Trinity’s alumnae prove the worth of our mission in women’s education every day. Just last week, Forbes Magazine published its annual list of the 100 Most Powerful Women in the World, and the list includes two Trinity Alumnae, Speaker of the House Nancy Pelosi ’62 and Secretary of Health and Human Services Kathleen Sebelius ’70. You are joining them and thousands of other alumnae in this great sisterhood of powerful women dedicated to improving conditions for all people around the world.
We asked you to name three people you’d like to invite for dinner some day, and you came up with the most intriguing list. Some of the people you want to invite for dinner include:
- Mother Theresa
- Madeleine Albright
- John Lewis
- Your Grandmothers
- Martin Luther King, Jr.
- Madam CJ Walker
- Florence Nightengale
- Condoleeza Rice
- Harriett Tubman
- Frederick Douglass
- Hillary Clinton
- Eleanor Roosevelt
- The Octomom
- Michelle Obama
- Barack Obama
- Will Smith
- Barbara Jordan
- Marvin Gaye
And, of course, your mothers. Your reverence for your mothers is powerful:
“My mother is the sole provider to my brother and me because my father does not live with us [he is in El Salvador} Yes, she is another single mother living in America but to me she is the best mother in the world… She has helped me through many hard times. When I wanted to give up, my love for her would not allow it. I want to be like her in many ways… She does not easily give up on her dreams… She could have gotten a college degree, but she selflessly relinquished her dreams to make a better life for my brother and me…In the end, I think her dream to become someone important came true — she is the most important person in my life…”
“The most influential woman who holds a position of leadership in my life is my mom. She is the manager and CEO of my family… I have ten siblings, five girls and five boys. My mom somehow gets the energy to wake up at 5 am to get all of us ready for school. Her primary job is to be a family counselor, a care giver, and financial manager.”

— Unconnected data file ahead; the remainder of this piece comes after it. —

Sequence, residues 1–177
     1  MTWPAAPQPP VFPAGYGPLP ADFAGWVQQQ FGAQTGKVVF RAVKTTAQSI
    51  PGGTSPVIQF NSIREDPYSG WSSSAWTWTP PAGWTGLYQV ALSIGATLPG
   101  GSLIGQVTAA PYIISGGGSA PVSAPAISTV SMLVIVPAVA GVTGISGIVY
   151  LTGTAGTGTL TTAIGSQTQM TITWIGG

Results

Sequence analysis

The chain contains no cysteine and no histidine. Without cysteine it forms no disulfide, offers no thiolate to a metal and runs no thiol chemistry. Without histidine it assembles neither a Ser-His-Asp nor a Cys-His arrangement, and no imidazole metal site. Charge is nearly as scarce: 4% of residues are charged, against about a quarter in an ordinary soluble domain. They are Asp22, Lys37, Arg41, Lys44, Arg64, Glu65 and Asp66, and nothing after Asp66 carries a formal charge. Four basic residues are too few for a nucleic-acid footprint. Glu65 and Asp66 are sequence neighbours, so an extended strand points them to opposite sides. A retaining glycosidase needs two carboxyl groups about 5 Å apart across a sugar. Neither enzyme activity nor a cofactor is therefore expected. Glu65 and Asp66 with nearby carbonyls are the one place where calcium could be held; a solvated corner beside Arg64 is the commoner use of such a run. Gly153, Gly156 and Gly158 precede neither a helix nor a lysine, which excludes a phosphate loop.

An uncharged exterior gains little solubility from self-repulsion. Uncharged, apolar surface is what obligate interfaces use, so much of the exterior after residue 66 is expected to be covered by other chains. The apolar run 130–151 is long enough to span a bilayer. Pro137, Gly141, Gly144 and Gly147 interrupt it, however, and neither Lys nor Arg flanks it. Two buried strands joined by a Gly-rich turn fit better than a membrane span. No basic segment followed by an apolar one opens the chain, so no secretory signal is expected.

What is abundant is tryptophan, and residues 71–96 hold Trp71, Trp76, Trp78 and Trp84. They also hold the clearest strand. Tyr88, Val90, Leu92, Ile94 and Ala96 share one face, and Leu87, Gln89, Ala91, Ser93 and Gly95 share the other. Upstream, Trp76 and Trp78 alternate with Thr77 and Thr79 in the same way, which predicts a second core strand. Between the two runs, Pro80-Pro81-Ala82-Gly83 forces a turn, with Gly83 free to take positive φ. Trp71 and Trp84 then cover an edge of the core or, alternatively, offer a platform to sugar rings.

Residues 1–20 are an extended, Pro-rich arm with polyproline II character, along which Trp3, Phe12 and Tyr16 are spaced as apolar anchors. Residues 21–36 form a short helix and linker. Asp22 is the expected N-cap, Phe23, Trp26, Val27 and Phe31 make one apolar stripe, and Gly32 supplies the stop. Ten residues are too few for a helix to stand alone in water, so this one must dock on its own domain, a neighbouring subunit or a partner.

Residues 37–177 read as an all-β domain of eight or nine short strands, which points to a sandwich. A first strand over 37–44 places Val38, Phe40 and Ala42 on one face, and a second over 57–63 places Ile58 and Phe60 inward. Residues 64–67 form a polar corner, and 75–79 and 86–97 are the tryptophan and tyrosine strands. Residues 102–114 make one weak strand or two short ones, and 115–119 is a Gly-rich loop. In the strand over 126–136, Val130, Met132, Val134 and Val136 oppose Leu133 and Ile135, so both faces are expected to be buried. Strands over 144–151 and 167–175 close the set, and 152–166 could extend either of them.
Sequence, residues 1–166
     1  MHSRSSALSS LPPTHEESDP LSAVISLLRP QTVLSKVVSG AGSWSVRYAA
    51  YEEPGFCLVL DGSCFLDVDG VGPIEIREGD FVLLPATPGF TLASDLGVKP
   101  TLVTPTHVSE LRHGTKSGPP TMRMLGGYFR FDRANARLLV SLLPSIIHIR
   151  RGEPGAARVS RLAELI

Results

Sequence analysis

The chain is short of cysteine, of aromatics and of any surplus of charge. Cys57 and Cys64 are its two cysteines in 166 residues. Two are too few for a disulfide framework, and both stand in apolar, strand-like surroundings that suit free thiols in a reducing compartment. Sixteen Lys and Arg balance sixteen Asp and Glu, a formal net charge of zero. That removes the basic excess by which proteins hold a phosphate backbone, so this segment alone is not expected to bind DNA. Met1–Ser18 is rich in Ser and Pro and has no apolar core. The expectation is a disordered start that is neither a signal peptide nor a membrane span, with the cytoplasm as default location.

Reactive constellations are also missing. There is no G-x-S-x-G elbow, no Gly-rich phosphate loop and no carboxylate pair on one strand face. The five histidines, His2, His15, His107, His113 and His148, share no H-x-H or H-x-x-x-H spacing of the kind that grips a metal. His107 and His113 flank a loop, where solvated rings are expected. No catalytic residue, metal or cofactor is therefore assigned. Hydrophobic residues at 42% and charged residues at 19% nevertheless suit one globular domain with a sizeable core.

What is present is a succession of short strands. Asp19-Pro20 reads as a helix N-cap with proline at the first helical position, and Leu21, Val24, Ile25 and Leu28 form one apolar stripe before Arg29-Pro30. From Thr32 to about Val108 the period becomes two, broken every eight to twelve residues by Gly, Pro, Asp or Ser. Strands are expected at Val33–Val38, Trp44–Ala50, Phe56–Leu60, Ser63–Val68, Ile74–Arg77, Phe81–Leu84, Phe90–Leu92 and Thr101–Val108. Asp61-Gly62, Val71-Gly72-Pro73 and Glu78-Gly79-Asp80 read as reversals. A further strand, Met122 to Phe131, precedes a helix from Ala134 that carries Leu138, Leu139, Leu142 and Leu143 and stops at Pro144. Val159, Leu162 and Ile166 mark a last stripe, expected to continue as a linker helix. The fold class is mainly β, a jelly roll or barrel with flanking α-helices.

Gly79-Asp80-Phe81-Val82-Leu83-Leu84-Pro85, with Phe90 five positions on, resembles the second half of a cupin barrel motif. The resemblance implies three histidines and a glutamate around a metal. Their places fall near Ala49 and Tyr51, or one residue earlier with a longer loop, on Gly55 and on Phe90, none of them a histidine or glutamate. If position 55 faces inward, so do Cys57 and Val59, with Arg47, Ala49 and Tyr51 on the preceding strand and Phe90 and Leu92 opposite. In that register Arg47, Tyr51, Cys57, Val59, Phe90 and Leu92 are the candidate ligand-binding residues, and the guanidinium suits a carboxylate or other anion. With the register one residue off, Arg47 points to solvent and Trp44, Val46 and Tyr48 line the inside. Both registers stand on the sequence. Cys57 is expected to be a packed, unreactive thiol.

“My mother…holds an important leadership role in my life. She has taught me that being strong-willed and determined will take me past the struggles to fulfill my destiny. My mother is my inspiration. She has shown me that having a family and career at the same time is possible….Not only did she tell me that education is important, but she set an example for me to follow. A few years ago, she made the decision to return to school to work on her bachelor’s degree in social work. When she first told me that she was going back to school, I thought she was crazy for going back at her age. But, she simply said to me, ‘how can I expect you to follow your dreams if I’m not following mine?’ … she expects to graduate this June…”
Some of you are already mothers, yourselves, and the experience of motherhood has made you very serious about advancing your education:
“Being a mother is a big challenge and a responsibility I will have for the rest of my life. .. Balancing school and raising a baby is difficult, and every day for the next 18 years I will have to balance work and child. I even have to literally balance my work and baby when doing homework as I try to type with one hand type while the other balances the baby…You’ll go on in life with that responsibility for the rest of your life… What I learned through this experiment was to better balance and prioritize things in my life. Just because I have a baby, it is not an excuse to stop going to school… Whatever I do I’m going to do it for my son; he’s the person for whom I’m going to be successful”
“[The birth of my son..] is the best thing that has happened to me… He is my life and I want the very best for him. Before having him I was living my life carelessly, not thinking about anything besides working and having fun. Now that he is here my life has transformed in a dramatic way… I have a 5 year plan to attend college, get my nursing degree, and begin my career. I have to give my son the life that I didn’t have… Growing up for me was hard and I refuse to struggle with my child. …I want his childhood to be the best….I want to be able to give my child the world…”
You admire many powerful and accomplished women, perhaps none so much as Michelle Obama:
“She has not always been in the position that we see her in today, she had to work for the things that she has… In a way I view myself as similar to Michelle because she is determined and I feel that I am determined as well when I set my mind to something I try my hardest to do what I can to reach my goal….I want to be a social worker to help people…”
Another inspiring woman, someone many of you may not know but her story is well known to us at Trinity, is the great Sister Dorothy Stang, a martyr for justice, a Sister of Notre Dame who was murdered while she served as a missionary in Brazil.
“I remember who gave me the inspiration and dedication to help people who are in need, my Great Aunt Dorothy (Sr Dorothy Stang). She was a Sister for the Sisters of Notre Dame de Namur and was a missionary in Brazil for over thirty years helping the poor and the environment and has inspired me greatly. My Aunt Dorothy was martyred in February 2005 and has been the one to help guide me in my will to help others in extraordinary ways. She has been the one to inspire me through rough times and has taught me to enjoy live as much as I can before leaving this earth…”